Stratolaunch space venture scales back sharply

Stratolaunch plane

A photo taken during a high-speed taxi test shows the nose gear on Stratolaunch’s twin-fuselage airplane rising from the runway at California’s Mojave Air and Space Port. (Stratolaunch Photo)

Stratolaunch, the Seattle-based space venture created by Microsoft co-founder Paul Allen seven years ago, says it’s discontinuing its programs to develop a new type of rocket engine and a new line of rockets.

The company said it would continue work on the world’s largest airplane, which is designed to serve as a flying launch pad for rockets. Last week, Stratolaunch put its 385-foot-wide, twin-fuselage plane through a high-speed taxi test that many saw as a precursor for its first test flight at Mojave Air and Space Port.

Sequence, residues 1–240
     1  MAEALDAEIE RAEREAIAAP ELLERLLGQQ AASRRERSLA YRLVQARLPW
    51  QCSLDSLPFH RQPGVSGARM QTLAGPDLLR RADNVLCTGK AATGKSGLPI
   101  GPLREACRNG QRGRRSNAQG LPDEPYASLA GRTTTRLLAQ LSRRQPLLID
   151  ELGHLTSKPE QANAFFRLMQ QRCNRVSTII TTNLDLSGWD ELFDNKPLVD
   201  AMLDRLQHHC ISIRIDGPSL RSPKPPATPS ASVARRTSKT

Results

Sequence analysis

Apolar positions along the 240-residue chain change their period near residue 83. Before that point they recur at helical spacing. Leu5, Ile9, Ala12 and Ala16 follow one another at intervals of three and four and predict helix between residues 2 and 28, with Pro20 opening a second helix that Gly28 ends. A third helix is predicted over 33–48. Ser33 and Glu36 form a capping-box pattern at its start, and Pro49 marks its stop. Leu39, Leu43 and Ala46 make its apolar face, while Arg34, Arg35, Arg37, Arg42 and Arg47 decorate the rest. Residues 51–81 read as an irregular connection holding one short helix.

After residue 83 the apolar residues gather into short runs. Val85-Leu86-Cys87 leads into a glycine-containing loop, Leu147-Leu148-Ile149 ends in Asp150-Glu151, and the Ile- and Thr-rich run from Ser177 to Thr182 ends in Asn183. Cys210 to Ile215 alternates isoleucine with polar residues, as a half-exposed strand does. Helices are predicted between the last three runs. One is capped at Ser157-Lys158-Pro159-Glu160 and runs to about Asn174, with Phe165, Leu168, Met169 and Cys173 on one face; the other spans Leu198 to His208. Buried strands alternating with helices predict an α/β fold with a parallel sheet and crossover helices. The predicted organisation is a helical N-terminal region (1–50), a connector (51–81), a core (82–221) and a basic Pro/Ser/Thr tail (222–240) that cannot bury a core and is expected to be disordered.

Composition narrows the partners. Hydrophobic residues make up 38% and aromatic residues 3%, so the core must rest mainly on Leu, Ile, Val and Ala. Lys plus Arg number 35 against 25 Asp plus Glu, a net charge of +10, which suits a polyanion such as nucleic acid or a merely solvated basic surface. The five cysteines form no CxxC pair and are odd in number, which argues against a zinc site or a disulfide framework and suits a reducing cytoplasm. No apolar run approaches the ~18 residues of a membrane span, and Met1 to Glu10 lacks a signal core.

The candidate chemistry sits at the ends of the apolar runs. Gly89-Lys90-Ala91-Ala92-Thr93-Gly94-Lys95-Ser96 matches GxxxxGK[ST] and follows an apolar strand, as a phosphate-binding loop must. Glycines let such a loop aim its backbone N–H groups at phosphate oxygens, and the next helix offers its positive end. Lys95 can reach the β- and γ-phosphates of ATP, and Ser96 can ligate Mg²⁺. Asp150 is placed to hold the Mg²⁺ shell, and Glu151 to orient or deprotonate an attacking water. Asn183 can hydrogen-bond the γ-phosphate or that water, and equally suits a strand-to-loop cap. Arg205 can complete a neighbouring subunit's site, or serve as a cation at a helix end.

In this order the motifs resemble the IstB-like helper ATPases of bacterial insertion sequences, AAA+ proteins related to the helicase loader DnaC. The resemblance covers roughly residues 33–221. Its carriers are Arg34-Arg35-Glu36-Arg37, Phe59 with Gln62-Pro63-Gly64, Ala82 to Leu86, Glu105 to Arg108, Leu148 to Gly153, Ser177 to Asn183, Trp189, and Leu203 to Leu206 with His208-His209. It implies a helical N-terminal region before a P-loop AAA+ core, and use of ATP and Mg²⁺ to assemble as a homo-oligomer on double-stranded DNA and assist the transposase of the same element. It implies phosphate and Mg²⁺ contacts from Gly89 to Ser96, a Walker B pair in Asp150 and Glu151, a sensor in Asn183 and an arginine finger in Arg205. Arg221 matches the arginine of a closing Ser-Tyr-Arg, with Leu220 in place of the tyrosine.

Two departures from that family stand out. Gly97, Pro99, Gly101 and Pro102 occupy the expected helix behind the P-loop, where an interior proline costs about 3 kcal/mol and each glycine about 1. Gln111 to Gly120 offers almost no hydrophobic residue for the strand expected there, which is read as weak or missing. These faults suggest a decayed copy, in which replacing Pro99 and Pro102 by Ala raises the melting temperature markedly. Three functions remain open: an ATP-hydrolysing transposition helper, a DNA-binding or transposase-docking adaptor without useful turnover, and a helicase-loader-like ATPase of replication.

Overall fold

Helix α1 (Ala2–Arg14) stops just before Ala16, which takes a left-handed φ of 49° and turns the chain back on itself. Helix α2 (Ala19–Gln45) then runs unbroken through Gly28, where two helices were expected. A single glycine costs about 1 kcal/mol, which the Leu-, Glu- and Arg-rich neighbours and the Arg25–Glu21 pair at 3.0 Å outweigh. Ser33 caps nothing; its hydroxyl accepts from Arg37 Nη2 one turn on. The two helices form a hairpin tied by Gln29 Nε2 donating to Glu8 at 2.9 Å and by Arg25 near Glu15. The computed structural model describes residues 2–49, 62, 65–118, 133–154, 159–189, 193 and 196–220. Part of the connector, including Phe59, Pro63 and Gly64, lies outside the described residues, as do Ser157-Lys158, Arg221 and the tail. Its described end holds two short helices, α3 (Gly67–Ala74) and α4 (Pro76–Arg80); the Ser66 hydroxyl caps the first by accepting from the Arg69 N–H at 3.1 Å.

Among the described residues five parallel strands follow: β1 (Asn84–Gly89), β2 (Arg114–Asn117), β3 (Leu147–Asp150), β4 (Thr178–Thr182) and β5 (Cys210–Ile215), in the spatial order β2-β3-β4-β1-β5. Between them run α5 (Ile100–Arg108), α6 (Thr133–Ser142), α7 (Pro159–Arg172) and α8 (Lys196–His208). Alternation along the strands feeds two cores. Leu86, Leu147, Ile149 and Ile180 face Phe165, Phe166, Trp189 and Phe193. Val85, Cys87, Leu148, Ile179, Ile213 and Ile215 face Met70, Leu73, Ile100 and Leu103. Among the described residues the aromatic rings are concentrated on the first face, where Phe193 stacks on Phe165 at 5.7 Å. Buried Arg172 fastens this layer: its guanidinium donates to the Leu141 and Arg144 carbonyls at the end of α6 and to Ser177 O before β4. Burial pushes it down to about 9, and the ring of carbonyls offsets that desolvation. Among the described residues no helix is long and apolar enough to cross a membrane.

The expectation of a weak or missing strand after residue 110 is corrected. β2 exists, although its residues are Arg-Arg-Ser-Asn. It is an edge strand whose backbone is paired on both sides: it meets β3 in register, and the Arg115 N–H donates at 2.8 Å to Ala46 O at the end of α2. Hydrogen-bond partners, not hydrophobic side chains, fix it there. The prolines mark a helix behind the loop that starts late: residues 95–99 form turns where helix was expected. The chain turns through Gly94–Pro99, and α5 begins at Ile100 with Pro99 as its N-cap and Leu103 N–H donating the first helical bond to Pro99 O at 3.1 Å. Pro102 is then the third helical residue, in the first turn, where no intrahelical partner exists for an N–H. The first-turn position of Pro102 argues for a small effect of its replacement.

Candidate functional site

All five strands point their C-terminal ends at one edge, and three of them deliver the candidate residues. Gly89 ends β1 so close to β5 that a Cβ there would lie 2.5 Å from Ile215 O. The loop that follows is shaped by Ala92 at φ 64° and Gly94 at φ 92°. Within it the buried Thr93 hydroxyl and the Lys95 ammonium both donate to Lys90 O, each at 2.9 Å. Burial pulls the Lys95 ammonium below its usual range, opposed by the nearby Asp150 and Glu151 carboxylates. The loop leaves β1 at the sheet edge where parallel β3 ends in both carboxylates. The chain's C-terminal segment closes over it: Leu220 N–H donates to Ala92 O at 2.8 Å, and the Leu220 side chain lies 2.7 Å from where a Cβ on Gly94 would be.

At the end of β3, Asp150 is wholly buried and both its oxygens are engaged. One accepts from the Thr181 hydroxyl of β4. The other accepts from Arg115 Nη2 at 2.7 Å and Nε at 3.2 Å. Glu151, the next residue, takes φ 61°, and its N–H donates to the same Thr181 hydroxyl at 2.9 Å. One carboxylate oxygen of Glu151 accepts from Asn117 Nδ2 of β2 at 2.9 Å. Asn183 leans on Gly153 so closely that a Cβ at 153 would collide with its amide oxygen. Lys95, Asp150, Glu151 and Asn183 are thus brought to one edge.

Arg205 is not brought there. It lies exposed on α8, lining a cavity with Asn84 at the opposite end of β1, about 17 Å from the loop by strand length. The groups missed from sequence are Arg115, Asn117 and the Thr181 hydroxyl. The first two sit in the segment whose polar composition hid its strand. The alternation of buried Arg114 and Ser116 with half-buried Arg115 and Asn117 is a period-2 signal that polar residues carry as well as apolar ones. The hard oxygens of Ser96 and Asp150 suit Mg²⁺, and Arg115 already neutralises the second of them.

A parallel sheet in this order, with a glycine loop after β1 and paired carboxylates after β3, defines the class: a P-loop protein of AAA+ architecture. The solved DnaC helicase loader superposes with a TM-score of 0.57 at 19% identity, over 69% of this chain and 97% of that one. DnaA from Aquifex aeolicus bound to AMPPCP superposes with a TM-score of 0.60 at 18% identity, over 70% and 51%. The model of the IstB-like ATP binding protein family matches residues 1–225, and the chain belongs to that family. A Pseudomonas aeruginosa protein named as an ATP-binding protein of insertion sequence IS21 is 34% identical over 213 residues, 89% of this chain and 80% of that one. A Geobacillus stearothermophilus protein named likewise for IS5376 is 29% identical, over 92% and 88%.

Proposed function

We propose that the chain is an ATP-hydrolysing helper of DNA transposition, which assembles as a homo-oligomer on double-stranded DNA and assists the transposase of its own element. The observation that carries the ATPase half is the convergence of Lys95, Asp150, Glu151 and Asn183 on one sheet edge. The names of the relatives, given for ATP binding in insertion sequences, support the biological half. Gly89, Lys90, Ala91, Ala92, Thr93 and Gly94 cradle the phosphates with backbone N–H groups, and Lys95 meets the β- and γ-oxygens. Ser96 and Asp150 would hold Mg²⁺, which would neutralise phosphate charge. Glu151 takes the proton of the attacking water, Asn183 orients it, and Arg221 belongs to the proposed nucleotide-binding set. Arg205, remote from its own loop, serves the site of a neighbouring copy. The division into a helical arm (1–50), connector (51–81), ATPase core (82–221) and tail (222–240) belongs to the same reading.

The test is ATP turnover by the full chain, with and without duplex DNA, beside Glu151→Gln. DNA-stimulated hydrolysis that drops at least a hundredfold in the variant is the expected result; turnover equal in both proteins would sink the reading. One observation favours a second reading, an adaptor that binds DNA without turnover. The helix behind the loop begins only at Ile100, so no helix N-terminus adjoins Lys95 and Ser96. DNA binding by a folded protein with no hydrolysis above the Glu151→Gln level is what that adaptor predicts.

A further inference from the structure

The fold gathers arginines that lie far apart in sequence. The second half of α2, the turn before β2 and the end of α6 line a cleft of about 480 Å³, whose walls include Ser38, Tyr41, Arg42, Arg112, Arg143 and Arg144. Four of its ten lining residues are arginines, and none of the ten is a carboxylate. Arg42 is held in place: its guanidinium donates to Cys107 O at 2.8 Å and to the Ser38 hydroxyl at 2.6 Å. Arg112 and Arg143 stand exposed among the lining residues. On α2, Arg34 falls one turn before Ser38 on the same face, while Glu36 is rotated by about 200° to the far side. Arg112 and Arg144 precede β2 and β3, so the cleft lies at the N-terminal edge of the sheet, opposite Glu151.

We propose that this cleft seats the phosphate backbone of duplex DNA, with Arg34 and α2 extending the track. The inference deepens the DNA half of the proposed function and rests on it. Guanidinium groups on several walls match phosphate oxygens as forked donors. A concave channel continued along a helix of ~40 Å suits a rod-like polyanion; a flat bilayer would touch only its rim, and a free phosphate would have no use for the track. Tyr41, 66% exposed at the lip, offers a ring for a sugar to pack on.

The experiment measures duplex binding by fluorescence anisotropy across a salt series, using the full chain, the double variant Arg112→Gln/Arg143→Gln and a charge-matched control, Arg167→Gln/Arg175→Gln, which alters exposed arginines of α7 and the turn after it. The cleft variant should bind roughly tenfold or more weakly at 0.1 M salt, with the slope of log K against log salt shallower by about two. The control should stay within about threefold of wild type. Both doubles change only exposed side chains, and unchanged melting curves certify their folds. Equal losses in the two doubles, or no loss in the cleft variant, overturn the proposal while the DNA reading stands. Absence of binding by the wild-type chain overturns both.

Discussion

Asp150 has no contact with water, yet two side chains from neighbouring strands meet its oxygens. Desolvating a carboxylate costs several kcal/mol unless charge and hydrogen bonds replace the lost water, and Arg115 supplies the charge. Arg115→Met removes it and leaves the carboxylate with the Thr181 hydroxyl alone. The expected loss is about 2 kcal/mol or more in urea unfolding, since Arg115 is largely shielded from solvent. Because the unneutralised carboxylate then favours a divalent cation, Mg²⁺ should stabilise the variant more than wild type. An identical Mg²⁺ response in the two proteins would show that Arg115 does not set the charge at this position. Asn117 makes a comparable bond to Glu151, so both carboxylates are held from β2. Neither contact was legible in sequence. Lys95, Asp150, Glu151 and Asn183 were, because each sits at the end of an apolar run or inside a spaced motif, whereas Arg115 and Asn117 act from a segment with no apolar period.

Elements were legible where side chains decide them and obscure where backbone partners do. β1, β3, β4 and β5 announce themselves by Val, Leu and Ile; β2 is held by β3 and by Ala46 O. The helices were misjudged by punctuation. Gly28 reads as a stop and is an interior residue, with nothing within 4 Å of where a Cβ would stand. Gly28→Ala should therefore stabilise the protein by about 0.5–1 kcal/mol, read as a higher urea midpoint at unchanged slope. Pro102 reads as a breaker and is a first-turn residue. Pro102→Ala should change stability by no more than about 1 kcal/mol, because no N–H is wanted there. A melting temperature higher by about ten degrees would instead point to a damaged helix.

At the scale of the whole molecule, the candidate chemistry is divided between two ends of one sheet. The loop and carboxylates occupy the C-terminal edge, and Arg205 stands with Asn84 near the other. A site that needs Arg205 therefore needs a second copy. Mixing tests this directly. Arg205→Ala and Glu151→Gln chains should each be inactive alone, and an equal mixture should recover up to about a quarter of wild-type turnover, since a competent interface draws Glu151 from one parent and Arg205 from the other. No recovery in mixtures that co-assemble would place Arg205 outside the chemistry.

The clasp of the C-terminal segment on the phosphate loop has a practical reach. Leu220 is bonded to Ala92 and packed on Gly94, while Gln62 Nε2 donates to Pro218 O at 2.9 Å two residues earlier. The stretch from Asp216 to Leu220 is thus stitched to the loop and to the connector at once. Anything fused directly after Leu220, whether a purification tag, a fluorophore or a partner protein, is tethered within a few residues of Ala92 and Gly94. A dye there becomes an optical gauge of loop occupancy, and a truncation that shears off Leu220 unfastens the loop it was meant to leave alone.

“Stratolaunch is ending the development of their family of launch vehicles and rocket engine. We are streamlining operations, focusing on the aircraft and our ability to support a demonstration launch of the Northrop Grumman Pegasus XL air-launch vehicle,” the company said in an emailed statement. “We are immensely proud of what we have accomplished and look forward to first flight in 2019.”

The dramatic turn of events comes three months after Allen’s death.

Get the full story on GeekWire.

About Alan Boyle

Award-winning science writer, creator of Cosmic Log, author of "The Case for Pluto: How a Little Planet Made a Big Difference," president of the Council for the Advancement of Science Writing. Check out "About Alan Boyle" for more fun facts.
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